Something happened on the day he died (David Bowie one year ago)

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We wrote these fragments a day after his death. We haven’t really looked at them since, but the idea came up to do a re-run on the one year anniversary and see what came out. One year later comments are in green. We recommend that you listen to either Scary Monsters, Let’s Dance or Heathen while reading this. Thank you. Sorry. Our condolences. /Adam & Sam

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What you’ve learned about yourself

freddie01This year we’ve lost a lot of great people. I never knew any of them. But I’ve been sad. Sad in ways I didn’t really knew I could be. This year we’ve lost David Bowie, Olle Ljungström, Prince, Lemmy Kilmister and, just today, Freddie Wadling. Sorrow will come, sorrow will go. There are situations when you will lose people who’ve cared for you as much as anyone possibly can. When these people go, it means the world. But you don’t miss these guys, the ones I mentioned above, because you knew them: You miss them because what they taught you about yourself. Freddie Wadling, in particular, was a true outsider artist, literally in that you will not recognize his name without a certain knowledge of Scandinavian culture. But he signifies the fact that the most broken-back, bald, crumpled person can carry others through song. Discover him. You will not know the language, but you will know the feeling, and the power.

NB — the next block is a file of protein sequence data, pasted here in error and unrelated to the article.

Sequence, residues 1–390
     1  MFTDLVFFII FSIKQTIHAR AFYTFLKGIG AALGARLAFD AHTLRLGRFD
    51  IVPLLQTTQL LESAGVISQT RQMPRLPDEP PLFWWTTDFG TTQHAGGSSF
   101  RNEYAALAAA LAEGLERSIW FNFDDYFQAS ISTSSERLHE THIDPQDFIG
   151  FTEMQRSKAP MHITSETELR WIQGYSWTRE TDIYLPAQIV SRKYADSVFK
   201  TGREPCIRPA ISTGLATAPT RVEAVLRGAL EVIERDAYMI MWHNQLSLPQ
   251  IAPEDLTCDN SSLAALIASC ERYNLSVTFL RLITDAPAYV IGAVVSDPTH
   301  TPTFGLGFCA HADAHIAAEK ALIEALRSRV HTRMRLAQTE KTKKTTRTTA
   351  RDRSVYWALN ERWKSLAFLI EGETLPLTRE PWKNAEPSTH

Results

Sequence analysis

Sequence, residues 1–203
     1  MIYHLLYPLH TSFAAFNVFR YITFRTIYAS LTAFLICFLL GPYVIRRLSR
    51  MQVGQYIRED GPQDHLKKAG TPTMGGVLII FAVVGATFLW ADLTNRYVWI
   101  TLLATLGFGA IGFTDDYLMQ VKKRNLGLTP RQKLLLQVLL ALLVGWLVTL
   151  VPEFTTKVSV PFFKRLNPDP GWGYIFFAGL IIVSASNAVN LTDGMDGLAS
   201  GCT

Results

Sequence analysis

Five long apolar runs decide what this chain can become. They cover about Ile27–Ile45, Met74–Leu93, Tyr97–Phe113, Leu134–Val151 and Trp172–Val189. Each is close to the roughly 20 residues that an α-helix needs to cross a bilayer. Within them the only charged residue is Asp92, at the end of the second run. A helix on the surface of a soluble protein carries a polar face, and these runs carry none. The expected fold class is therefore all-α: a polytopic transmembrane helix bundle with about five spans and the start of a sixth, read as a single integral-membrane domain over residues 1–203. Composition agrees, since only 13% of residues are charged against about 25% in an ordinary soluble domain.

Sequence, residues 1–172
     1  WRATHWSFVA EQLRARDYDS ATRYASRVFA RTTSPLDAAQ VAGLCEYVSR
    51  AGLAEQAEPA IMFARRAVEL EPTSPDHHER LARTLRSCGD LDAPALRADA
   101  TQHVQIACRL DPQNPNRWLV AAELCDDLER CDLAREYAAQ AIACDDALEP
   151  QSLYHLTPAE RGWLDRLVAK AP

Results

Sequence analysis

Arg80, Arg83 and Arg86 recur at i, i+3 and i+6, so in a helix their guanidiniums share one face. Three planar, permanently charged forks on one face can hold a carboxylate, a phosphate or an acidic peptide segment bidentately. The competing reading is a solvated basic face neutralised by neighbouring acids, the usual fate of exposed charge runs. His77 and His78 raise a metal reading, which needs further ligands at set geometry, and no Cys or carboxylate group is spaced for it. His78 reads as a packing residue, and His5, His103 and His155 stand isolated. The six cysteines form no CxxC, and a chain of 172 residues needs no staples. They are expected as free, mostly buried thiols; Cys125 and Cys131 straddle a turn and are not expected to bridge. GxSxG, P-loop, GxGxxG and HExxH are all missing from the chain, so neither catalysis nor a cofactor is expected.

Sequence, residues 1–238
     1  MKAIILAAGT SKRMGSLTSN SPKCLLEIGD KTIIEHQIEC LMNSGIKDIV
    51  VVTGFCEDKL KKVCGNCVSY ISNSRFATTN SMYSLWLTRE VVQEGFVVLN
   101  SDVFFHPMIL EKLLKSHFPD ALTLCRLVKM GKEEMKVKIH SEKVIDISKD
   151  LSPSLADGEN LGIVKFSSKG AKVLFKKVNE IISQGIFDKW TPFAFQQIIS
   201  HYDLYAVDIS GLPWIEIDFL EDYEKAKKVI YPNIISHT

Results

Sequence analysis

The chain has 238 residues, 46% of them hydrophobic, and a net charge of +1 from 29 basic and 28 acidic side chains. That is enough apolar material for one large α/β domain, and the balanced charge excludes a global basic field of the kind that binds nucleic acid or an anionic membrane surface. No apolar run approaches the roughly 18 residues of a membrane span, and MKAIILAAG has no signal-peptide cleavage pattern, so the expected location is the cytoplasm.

Rope Money (2010)

“Your rock band for the evening”

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Album cover by Wille Westerman

Before I begin this discographist blog about the songs on Rope Money, a few words about the cover. We commissioned up-and-coming illustrator and jazz performer Wille Westerman to interpret a cryptic dream one of the band members had the previous year. The music started production as early as 2006 – atcn always take their sweet time in finishing their projects – but the cover didn’t show up at the BOF Records office until the week of release. Since that time, the cover has been analysed by a team of psychiatrists, who have officially made the call that any possible Freudian interpretation of the painting is to be considered valid. It is a great cover, end of story. Continue reading